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VER. 24. Forgot myself to flone] This is an expreffion of Milton; as is alfo, caverns fhagged with horrid thorn, and the epithets, pale-ey'd, twilight, low-thoughted care, and others, are first used in the fmaller poems of Milton, which Pope feems to have been just reading.

Some of thefe circumflances, in the fcenery view of the monaftery, have perhaps a little impropriety when introduced into a place fo lately founded as was the Paraclete; but are fo well imagined, and fo highly painted, that they demand excuse.

VER. 25.]" Heav'n claims me all in vain, while he"--was the the former reading.


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Oh name for ever fad! for ever dear!
Still breath'd in fighs, still usher'd with a tear.
I tremble too, where'er my own I find,
Some dire misfortune follows clofe behind.
Line after line my gufhing eyes o'erflow,
Led through a fad variety of woe:

Now warm in love, now with'ring in my bloom,
Loft in a convent's folitary gloom!

To read and weep is all they now can do. allow that fad relief; give me all thy grief.

Then share thy pain, Ah, more than share it,


There ftern Religion quench'd th' unwilling flame,
There dy'd the best of paffions, Love and Fame. 40
Yet write, oh write me all, that I may join
Griefs to thy griefs, and echo fighs to thine.
Nor foes nor fortune take this pow'r away;
And is my Abelard less kind than they?
Tears still are mine, and those I need not spare, 45
Love but demands what elfe were shed in pray'r;
No happier task thefe faded eyes purfue;



VER. 40. Love and Fame] Fame is not a paffion.

VER. 41. Yet write] This is taken from the Latin letters that paffed betwixt Eloifa and Abelard, and which had been a few years before published in London by Rawlinfon, and which our poet has copied and tranflated in many other paffages: Per ipfum Chriftum obfecramus, quatenus ancillulas ipfius & tuas, crebris literis de his, in quibus adhuc fluctuas, naufragiis certificare digneris, ut nos faltem quæ tibi foli remanfimus, doloris vel gaudii participes habeas. Epift. Heloiffe, p. 46. From the fame alfo, the ufe of letters, ver. 51, is taken and amplified; and it is a little remarkable that this use of letters is in the fourth book of Diodorus Siculus.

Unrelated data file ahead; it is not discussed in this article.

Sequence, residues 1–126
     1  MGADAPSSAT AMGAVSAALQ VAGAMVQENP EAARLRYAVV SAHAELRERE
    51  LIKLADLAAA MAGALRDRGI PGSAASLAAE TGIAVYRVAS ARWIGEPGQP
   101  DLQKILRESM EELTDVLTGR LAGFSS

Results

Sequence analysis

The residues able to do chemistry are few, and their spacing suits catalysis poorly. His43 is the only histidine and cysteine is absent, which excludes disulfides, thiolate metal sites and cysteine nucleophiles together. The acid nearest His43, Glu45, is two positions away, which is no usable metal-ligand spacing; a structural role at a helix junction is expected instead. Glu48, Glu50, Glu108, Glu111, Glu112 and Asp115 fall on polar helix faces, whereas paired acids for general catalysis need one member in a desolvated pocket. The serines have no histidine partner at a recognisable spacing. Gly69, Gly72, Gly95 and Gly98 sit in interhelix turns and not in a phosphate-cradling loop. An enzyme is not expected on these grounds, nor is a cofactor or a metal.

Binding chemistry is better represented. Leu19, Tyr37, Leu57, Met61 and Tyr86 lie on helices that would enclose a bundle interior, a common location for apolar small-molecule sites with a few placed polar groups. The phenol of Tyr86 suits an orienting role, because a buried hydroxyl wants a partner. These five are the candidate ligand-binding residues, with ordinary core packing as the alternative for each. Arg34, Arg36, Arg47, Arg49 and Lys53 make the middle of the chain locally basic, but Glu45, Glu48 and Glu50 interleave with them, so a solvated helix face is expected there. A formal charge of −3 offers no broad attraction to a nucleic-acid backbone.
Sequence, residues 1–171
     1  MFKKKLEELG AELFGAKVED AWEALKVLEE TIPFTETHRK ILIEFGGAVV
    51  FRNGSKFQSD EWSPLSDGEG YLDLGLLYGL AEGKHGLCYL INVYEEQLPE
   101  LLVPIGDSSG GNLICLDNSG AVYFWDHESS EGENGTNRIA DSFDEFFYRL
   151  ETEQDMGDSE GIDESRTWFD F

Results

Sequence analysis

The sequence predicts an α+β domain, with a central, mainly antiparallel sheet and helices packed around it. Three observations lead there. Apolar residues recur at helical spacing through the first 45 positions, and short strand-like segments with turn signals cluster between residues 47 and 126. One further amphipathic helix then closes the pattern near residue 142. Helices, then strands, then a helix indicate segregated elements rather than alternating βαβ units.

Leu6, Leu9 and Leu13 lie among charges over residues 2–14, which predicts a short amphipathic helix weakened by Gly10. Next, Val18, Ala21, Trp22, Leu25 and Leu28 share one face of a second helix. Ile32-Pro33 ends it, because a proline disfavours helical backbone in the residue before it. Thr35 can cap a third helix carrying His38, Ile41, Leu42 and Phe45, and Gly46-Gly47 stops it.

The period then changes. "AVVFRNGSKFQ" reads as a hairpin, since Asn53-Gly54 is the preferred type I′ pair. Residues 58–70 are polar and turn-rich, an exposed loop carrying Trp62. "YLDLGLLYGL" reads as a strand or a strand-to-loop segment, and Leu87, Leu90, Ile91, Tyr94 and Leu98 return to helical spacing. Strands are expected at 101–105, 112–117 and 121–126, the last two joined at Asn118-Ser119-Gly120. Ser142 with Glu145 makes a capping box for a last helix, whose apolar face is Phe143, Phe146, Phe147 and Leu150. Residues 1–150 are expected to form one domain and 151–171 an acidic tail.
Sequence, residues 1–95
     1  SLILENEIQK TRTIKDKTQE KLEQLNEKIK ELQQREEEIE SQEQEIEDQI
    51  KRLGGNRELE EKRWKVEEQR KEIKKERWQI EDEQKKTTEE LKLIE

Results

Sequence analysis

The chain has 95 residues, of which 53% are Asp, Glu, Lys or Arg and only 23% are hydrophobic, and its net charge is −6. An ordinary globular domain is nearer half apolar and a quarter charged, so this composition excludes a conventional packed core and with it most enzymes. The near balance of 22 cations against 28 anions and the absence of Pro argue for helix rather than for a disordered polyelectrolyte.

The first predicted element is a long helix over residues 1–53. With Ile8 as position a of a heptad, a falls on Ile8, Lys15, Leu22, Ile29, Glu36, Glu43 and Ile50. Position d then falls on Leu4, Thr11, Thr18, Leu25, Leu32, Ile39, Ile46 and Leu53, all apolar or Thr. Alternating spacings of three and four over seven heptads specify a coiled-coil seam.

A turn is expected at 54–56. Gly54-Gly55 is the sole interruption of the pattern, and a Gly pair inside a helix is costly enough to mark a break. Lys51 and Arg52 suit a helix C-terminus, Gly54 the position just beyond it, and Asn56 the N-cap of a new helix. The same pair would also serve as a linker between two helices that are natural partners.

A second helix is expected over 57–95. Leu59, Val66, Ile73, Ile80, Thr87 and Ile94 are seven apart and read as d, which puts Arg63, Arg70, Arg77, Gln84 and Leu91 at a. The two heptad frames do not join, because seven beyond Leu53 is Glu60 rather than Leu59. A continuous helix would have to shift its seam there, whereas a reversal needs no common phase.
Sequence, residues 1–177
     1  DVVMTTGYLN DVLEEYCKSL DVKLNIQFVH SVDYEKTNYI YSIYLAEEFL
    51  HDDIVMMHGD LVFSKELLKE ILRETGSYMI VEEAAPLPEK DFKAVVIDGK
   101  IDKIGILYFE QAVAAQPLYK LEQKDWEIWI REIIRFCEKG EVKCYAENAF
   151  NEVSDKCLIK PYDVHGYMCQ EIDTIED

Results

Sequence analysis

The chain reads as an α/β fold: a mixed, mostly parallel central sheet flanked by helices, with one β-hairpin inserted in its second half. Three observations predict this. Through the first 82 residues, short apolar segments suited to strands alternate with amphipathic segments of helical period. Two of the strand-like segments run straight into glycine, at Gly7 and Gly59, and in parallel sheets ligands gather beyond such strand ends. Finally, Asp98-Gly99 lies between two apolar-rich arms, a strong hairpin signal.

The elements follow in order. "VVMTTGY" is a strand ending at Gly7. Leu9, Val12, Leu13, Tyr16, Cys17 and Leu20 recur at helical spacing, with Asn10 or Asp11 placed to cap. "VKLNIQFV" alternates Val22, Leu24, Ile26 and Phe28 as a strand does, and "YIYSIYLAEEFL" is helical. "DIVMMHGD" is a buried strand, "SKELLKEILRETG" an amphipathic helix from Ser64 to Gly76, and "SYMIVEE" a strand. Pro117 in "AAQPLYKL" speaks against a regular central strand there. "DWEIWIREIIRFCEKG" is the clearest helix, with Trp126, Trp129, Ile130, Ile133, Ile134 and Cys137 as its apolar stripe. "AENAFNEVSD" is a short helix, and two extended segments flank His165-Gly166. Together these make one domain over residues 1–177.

Heav'n first taught letters for fome wretch's aid,
Some banish'd lover, or fome captive maid;
They live, they speak, they breathe what love infpires,
Warm from the foul, and faithful to its fires,
The virgin's wish without her fears impart,
Excuse the blush, and pour out all the heart,
Speed the foft intercourfe from foul to foul,
And waft a figh from Indus to the Pole.


Thou know'it how guiltlefs firft I met thy flame,
When Love approach'd me under friendship's name;
My fancy form'd thee of angelic kind,
Some emanation of th' all-beauteous Mind.
Thofe fmiling eyes, attemp'ring ev'ry ray,
Shone fweetly lambent with celestial day.




VER. 63. Thofe fmiling eyes] Abelard was reputed the most handsome, as well as the most learned man of his time, according to the kind of learning then in vogue. An old chronicle, quoted by Andrew du Chefne, informs us, that scholars flocked to his lectures from all quarters of the Latin world; and his cotemporary, St. Bernard, relates, that he numbered many principal ecclefiaftics and cardinals at the court of Rome.-Abelard himself boasts, that when he retired into the country, he was followed by such immenfe crouds of scholars, that they could get neither lodgings nor provifions fufficient for them: "Ut nec locus hofpitiis, nec terra fufficeret alimentis." (Abelardi, Opera, p. 19.) He met with the fate of many learned men, to be embroiled in controverfy and accused of herefy; for St. Bernard, whofe influence and authority was very great, got his opinion of the Trinity condemned, at a council held at Sens 1140. But the talents of Abelard were not confined to theology, jurisprudence, philofophy, and the thorny paths of scholafticism; he gave proofs of a lively genius by many poetical performances, infomuch, that he was reputed to be the author of the